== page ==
Readers, what do you think? Should helmets be required? What are the pros and cons of legislating safety equipment? Is there a difference between making kids wear one versus adults?

Are Adventure Town Locals Really Necessary?

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Is it still possible to chuck it all and become a ski bum? Or has the new resort landscape pushed the local culture out of the valleys they once called home?

Are locals even important anymore?

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One of my favorite ski bums

Back in the Wild West days of the 80s (when I was a teenager on spring break in Sun Valley wanting so badly to own a pair of ISKI sunglasses and stretch pants) ski bums created the culture. Tourists wanted to emulate them–envying their ski-at-all-costs mentality.

Today ski towns are more chi-chi than ski. Ski areas have become ski resorts. And what has always been an expensive sport is edging out those that have somehow “made it work.”

Jeremy-Evans-Author

Jeremy Evans

While I’d argue this isn’t true everywhere, it certainly seems apparent in the more established ski towns around the West.

What’s left might be smaller ski areas with fewer employment opportunities, with places like Park City, Crested Butte and Aspen now a vacation spot for the 1% crowd.

This week on The Edge, I’m interviewing author and adventurer Jeremy Evans.

Whether exploring a ski town or a surfing village, Evans delves into the importance of the individuals that make a place home.

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Tune in this week to The Edge as I talk to Evans about ski bums that made it work and the value of living life on the edge. Have a question for Evans? Leave a comment here or call in live on Wednesday at 8am 1-888-346-9144.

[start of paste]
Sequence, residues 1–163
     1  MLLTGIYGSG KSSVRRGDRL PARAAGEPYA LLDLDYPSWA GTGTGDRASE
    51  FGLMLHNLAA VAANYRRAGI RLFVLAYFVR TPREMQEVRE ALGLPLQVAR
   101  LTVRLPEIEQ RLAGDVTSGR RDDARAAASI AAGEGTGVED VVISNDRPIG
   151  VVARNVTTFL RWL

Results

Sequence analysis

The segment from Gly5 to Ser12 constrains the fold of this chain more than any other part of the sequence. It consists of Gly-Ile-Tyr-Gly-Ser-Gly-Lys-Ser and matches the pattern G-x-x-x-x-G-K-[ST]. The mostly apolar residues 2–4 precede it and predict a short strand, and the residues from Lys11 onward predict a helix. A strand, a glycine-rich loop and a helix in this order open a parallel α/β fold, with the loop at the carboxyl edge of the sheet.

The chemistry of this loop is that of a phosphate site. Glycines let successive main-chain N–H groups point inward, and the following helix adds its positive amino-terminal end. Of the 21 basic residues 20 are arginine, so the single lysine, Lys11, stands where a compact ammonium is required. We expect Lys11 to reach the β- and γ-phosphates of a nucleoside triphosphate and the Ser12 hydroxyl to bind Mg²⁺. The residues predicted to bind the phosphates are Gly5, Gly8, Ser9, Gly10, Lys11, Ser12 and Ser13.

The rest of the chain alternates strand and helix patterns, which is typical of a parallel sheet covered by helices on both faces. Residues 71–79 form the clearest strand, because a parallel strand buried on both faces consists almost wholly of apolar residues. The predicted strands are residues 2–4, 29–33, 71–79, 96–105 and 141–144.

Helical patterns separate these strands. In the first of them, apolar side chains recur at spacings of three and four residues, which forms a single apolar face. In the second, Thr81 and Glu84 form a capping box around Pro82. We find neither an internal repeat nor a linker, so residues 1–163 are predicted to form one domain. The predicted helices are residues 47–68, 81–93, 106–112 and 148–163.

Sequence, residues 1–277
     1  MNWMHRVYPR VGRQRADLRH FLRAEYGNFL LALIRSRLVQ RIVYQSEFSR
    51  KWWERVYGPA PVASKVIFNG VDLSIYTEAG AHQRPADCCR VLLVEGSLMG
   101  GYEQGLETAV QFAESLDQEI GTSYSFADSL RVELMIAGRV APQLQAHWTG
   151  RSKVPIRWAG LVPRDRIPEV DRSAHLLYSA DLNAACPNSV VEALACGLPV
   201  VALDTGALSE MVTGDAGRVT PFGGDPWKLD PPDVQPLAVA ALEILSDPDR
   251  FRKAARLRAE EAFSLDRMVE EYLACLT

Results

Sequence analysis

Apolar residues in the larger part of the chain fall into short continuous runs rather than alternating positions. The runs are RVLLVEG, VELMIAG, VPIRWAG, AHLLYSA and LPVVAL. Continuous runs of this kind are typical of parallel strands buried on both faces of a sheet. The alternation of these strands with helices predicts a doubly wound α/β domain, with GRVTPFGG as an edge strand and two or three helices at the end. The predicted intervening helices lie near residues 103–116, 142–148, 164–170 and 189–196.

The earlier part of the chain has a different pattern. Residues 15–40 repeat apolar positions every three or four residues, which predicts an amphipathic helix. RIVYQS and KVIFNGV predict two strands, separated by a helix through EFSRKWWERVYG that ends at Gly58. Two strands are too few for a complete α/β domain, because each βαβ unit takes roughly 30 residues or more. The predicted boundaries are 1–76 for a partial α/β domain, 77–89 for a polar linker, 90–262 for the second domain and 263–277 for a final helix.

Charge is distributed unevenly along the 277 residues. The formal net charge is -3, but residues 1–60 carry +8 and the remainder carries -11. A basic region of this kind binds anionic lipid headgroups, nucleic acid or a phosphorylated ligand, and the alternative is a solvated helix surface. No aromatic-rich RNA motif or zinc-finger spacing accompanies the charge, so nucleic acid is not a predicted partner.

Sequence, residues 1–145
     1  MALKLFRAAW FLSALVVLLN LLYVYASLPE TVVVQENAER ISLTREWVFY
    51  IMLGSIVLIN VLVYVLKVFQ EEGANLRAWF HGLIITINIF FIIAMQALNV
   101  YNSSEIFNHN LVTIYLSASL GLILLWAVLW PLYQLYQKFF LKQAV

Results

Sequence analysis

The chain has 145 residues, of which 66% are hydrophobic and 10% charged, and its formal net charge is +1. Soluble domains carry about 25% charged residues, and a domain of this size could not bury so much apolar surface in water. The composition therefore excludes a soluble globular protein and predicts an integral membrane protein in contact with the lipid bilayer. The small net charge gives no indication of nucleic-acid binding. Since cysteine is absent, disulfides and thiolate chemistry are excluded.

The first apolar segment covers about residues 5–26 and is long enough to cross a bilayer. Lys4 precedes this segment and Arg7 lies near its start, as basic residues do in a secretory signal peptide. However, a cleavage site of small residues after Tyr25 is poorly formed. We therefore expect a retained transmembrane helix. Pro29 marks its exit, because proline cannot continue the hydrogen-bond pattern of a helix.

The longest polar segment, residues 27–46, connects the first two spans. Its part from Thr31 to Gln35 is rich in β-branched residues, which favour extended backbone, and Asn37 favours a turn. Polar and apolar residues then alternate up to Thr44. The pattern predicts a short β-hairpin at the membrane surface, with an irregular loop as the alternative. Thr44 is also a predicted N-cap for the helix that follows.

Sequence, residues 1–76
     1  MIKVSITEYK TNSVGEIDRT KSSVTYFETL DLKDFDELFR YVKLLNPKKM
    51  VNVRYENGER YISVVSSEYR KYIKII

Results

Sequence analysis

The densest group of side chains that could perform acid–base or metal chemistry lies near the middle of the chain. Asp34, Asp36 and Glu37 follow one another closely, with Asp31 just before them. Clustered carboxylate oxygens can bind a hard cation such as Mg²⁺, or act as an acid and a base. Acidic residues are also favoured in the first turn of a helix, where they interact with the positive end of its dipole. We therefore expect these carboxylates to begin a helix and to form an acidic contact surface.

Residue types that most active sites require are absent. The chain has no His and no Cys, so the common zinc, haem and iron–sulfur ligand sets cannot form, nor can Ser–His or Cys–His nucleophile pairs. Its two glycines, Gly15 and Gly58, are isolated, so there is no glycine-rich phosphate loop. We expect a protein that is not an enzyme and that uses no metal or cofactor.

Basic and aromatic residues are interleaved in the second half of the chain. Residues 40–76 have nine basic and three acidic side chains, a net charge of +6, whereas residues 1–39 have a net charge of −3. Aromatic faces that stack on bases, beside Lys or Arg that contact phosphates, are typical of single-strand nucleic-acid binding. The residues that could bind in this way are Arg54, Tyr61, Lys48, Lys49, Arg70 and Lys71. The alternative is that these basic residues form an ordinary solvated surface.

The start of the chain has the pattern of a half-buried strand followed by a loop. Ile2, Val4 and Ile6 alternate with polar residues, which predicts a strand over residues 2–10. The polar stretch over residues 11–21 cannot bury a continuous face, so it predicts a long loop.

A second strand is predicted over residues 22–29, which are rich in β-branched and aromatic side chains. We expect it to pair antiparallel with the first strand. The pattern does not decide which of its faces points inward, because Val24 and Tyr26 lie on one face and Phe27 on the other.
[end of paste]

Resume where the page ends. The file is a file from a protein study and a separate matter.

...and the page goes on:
The Fear Project With Author Jaimal Yogis

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Jaimal Yogis, author of THE FEAR PROJECT: What Our Most Primal Emotion Taught Me About Survival, Success, Surfing… and Love knows a thing or two about facing fear. He’s stared his fear straight in the face and surfed Mavericks. He also used himself as a guinea pig in his book to explore the human reaction to this most primordial of emotions. An epic adventure full of incredible characters, death-defying athletic achievement, and bleeding edge science, THE FEAR PROJECT began with one question: how can we overcome our fears to reach our full potential?

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Jaimal Yogis staring down his fear

Yogis checks in with neuroscientists to find how our memories become our biggest fears and how to tell the difference between good fear and bad fear. He also mines the depths of his own fears–of sharks and lost love and getting caught in the maytag churn underneath a big wave. Most of all, Yogis hopes to turn fear into performance, unlocking his own potential and then handing the key to his reader.